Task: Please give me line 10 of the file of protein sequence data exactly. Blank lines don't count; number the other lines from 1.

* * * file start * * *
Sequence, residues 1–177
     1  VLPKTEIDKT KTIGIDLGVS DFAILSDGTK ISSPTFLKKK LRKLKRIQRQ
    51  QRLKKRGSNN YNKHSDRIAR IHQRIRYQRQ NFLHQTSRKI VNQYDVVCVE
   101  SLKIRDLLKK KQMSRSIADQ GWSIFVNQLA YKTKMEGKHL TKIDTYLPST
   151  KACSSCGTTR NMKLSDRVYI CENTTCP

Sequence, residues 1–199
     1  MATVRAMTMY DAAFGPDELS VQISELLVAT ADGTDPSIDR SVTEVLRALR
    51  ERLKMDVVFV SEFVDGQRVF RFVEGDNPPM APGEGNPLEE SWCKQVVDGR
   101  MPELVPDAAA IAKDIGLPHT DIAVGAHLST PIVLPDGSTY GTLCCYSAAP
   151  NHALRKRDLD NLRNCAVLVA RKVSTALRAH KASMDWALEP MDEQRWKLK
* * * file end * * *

   151  NHALRKRDLD NLRNCAVLVA RKVSTALRAH KASMDWALEP MDEQRWKLK